To make $22 an hour working in a fast food franchise restaurant, all you need to do is move to California. I’m serious. And you can thank California legislators for giving fast food workers this generous raise.
For details and more, read on.
That way you can decide if it’s worth it to move to California for a $45,000 a year job in fast food.
$22 An Hour: The Fast Food Accountability and Standards Recovery Act
That’s the name of the bill that was recently passed in California.
Here’s the part you need to know:
The council shall promulgate minimum fast food restaurant employment standards, including, as appropriate, standards on wages, working conditions, and training, as are reasonably necessary or appropriate to protect and ensure the welfare, including the physical well-being and security, of fast food restaurant workers or to otherwise meet the purposes of this section, subject to the limitations of subdivision (e). The council may also issue, amend, or repeal any other rules and regulations as necessary to carry out its duties under this section or meet the purposes of this section, subject to the limitations of subdivision (e). To the extent there is a conflict between standards, rules, or regulations issued by the council and the rules or regulations issued by another state agency, the standards, rules, or regulations issued by the council shall apply to fast food restaurant workers and fast food restaurant franchisees and franchisors, and the conflicting rules or regulations of the other state agency shall not have force or effect with respect to fast food restaurant workers, franchisees, or franchisors. Decisions by the council regarding standards, rules, and regulations shall be made by an affirmative vote of at least six of the council members. All standards, rules, and regulations by the council shall be issued, amended, or repealed, as applicable, in the manner prescribed in Chapter 3.5 (commencing with Section 11340) of Part 1 of Division 3 of Title 2 of the Government Code.Courtesy of leginfo.legislature.ca.gov.
Now here’s the money part.
(2) (A) Any minimum wage established by the council shall, from January 1, 2023, to December 31, 2023, inclusive, shall not be greater than twenty-two dollars ($22) per hour. Link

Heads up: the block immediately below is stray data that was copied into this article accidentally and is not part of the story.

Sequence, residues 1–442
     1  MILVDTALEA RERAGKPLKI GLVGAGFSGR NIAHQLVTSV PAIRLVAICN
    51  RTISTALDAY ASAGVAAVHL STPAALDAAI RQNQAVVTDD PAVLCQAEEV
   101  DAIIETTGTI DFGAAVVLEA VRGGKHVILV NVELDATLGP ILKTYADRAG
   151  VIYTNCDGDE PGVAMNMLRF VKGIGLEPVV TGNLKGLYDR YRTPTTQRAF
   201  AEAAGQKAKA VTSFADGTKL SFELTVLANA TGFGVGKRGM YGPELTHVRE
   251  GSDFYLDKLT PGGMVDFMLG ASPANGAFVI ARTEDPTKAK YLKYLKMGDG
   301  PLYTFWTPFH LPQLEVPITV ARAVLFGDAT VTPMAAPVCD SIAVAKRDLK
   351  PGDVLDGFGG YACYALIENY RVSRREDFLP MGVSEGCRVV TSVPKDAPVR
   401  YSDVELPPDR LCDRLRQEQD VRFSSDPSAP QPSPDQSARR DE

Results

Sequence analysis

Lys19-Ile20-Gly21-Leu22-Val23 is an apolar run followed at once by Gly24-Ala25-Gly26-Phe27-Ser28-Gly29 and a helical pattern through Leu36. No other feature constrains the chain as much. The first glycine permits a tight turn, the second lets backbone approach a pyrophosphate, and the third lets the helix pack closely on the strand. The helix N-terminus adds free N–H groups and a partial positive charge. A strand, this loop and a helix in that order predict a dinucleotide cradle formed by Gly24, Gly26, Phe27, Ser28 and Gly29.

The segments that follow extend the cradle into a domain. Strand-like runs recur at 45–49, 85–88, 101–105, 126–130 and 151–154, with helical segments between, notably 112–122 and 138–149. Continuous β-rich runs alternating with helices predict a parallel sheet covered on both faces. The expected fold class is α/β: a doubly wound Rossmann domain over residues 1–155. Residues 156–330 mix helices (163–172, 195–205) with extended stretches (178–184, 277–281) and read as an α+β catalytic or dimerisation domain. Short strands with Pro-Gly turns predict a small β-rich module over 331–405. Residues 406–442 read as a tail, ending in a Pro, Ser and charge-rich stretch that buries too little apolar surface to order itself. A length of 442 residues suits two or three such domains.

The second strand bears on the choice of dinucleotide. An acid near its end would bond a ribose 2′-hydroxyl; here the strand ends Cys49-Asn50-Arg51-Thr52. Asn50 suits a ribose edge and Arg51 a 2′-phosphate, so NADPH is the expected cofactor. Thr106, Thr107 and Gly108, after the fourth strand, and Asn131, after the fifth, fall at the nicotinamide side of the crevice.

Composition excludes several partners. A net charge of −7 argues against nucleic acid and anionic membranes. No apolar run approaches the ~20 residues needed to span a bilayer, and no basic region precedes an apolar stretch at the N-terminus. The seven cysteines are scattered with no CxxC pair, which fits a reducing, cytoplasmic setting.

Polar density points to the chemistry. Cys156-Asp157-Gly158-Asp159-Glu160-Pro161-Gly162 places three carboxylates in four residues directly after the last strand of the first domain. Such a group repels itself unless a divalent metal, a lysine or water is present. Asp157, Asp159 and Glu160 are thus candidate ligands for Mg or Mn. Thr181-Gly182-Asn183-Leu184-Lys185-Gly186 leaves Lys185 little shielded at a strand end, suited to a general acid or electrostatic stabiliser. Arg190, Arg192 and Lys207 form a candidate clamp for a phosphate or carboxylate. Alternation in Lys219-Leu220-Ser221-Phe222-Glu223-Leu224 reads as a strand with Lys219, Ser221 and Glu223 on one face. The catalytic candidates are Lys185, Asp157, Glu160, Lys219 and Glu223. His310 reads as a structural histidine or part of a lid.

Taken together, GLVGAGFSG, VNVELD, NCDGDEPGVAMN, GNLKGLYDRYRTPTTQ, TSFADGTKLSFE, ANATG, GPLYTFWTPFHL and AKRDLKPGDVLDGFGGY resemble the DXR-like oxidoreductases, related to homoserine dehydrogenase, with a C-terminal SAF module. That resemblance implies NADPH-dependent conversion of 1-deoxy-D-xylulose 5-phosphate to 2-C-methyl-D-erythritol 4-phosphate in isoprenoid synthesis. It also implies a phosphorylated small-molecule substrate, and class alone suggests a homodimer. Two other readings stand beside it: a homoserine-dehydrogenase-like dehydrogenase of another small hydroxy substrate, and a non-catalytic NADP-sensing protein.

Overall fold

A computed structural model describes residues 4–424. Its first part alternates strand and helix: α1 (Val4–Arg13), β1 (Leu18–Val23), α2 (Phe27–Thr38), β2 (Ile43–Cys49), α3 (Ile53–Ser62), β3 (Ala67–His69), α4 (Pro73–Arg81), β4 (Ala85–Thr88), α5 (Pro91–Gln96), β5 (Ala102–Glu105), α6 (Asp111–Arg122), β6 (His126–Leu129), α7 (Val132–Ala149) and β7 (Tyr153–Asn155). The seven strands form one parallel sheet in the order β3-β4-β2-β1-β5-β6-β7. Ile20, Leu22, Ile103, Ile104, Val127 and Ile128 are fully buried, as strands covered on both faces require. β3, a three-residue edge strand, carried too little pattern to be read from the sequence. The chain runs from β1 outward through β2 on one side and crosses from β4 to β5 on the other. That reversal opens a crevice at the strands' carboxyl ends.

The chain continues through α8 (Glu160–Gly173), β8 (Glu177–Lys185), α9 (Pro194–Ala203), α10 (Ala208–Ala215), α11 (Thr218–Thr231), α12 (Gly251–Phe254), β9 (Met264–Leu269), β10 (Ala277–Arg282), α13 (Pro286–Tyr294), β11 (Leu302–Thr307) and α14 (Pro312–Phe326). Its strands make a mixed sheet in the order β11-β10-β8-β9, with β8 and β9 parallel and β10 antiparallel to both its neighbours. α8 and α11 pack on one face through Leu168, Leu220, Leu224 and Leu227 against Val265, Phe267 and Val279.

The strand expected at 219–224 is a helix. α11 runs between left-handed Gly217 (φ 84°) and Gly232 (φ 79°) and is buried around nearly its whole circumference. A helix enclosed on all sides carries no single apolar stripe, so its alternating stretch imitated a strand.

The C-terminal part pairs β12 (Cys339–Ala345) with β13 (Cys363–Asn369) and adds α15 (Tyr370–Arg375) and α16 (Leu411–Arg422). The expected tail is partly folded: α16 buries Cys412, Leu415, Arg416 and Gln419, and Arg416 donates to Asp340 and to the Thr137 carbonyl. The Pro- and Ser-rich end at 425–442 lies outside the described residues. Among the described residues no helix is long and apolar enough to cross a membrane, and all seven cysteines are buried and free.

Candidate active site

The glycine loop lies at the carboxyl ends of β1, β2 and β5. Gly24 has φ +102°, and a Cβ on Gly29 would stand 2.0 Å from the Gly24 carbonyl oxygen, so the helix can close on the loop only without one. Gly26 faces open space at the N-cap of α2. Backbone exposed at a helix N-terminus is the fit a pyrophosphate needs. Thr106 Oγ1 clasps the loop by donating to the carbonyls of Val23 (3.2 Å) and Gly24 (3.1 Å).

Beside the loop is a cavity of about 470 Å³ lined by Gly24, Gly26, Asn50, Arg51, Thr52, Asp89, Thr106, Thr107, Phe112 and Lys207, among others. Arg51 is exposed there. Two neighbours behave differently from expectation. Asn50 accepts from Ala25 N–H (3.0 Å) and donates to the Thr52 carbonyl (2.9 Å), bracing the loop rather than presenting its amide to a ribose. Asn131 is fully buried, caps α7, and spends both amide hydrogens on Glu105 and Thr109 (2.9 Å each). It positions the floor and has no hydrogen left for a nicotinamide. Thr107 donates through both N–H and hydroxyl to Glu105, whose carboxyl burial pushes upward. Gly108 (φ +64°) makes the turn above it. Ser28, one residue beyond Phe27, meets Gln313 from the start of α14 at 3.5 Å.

There it is.
It’s an “up to” $22 per hour wage. That’s a lot of money to flip burgers, cook chicken and sweep the dining room floor.
I Support Higher Wages For Fast Food Workers
Workers at fast food franchise establishments shouldn’t be making less than $15 an hour.
Heck, nobody should be pulling in less that $15 an hour. It’s ridiculous. I said as much in this New York Times op-ed I was asked to write.
And considering how much franchises and independent food-service establishments are charging customers, there should be room to pay* workers $15 an hour.
*Not all at once. Hourly pay needs to increase gradually, so franchisees can write new business plans that reflect those wages.
But $22 an hour?
Is $22 An Hour A Good Deal For Workers?
On the surface, paying fast food franchise workers $22 per hour sounds good. Heck, it works out to $45,000 a year for a full-time worker. Not bad.
Unless you live in California. The state that just passed the bill.
That’s because the average rent for a one-bedroom apartment in California is $1,854. See the data.
And according to 2020 data from the Bureau of Economic Analysis , the average cost of living in California is $46,636. Based on that number, it would cost $3,886 per month to live in California. This data includes substantially lower costs for rent and utilities.
What does it mean?
It means, even at $22 an hour, a fast food worker living in California won’t be able to make ends meet.
$22 an hour works out to $45,000 annually, or around $3700 a month.
So they’re not even breaking even.
That said, I’m betting that those workers are going to be grateful for the raise. Maybe they’ll finally have some breathing room.
Can Fast Food Restaurant Owners Afford To Pay Workers $22 An Hour?
Some probably can. I’d be willing to wager Tony can-based on what he recently did for his fast food workers.
But would it leave enough profit for him? For the franchisee?
For the person who took a risk to become a franchise business owner?
I doubt it.
But could Tony and other franchisees afford to pay workers $15 an hour?
Based on current (2022) menu prices, they should be able to pull it off.
Call Me Crazy
To summarize, you can call me crazy, but I want things to be fair for everybody.
- I want every employee in the U.S. to make at least $15 an hour.
- I want affordable products and services.
- I want franchisees and independent small business owners to make a good profit.
- I want multi-millionaires and billionaires to pay taxes.
Are those things crazy?
One more thing.
I’m not pro-union. Why?
Because there’s too much money coming in from members. That creates too much temptation. That’s when potential extortion and its close cousins, skimming and bribery appear on the scene.
And let’s not forget the potential for union executives and union bosses to grab some of the money for themselves.
So no unions for me, thank you very much.
And what do I think about the recently passed bill in California?
I’m against it.
Not because I don’t want workers to get paid fairly.
But because the numbers don’t add up.